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HD Tune
We'll kick things off with HD Tune, our synthetic benchmark of choice. Although not necessarily representative of real-world workloads, HD Tune's targeted tests give us a glimpse of a drive's raw capabilities. From there, we can explore whether the drives live up to their potential.

I've removed the SSDs and desktop drives from the line graphs because the data is too densely packed to be readable. Plus, Excel really doesn't have enough colors. If you'd like an idea of how the SSD transfer-rate profiles look in comparison, check out this page of our 7,200-RPM terabyte round-up.

So much for areal density dictating sequential throughput. The 750GB Momentus is a little slower than the Spinpoint in HD Tune's sustained read speed test, and although we don't know the Samsung drive's areal density, it's almost certainly lower than the Seagate's. In the battle of 500GB drives, the Travelstar edges out the Scorpio despite packing 30 fewer gigabits per square inch.

Right from the gun, it's apparent solid-state drives have a big performance advantage. What's more interesting is how these 7,200-RPM notebook models fare against other 2.5" mechanical drives. The Scorpio Blue spins its platters at 5,400 RPM and is a good 10MB/s slower than the Scorpio Black, putting it nearly 20MB/s behind the Spinpoint. Seagate's Momentus XT doesn't look so hot, either; it's slower than the Scorpio Blue despite having a 4GB solid-state read cache backed by 7,200-RPM mechanical storage.

In the line graphs, notice how the XT's transfer rates fall off quickly and oscillate more frequently than the purely mechanical drives. The transfer-rate profiles of our 7,200-RPM contenders are more consistent, although the Momentus' read speed falls off in more of a stair-step fashion than the others.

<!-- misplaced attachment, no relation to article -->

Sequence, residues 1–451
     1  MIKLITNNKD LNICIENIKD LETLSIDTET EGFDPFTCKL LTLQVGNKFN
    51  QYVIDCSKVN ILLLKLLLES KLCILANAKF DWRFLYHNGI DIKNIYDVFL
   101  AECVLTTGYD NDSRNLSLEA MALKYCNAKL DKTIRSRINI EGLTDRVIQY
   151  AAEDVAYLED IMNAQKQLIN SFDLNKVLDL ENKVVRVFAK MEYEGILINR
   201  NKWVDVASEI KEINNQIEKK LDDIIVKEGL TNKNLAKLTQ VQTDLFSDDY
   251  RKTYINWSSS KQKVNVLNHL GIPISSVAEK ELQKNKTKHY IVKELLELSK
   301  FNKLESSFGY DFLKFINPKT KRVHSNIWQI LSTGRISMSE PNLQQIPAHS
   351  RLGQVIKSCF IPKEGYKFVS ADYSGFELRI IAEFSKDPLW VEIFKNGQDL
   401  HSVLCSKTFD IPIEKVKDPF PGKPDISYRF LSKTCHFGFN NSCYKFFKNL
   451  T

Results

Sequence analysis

Switching to writes narrows the gaps between the 7,200-RPM notebook drives, but their order doesn't change. Even though the Momentus XT is a little more competitive this time around, it still lags behind the Scorpio Black. Our lone 5,400-RPM example remains a ways off the pace, as well.

SSDs tend to read faster than they can write, and that has interesting implications for this particular test. Although the fastest solid-state drives still rule the standings, our collection of notebook drives is quicker than Intel's budget X25-V and not much slower than the X25-M. Intel SSDs have traditionally had sluggish write performance, at least in tests of flat-out sequential throughput.

Before moving on, note the Spinpoint's more erratic oscillations in our line graph. They still average out to the highest sustained write speed, but it's a bumpier ride than with reads.

Next up: some burst-rate tests that should test the cache speed of each drive. We've omitted the X25-V RAID array from the following results because it uses a slice of system memory as a drive cache.

Our notebook drives might all have 16MB of DRAM onboard, but the speed of that cache differs between the various models. The Spinpoint and Travelstar flirt with 200MB/s in HD Tune's burst speed tests, while the Scorpio and Momentus languish 27-38MB/s behind.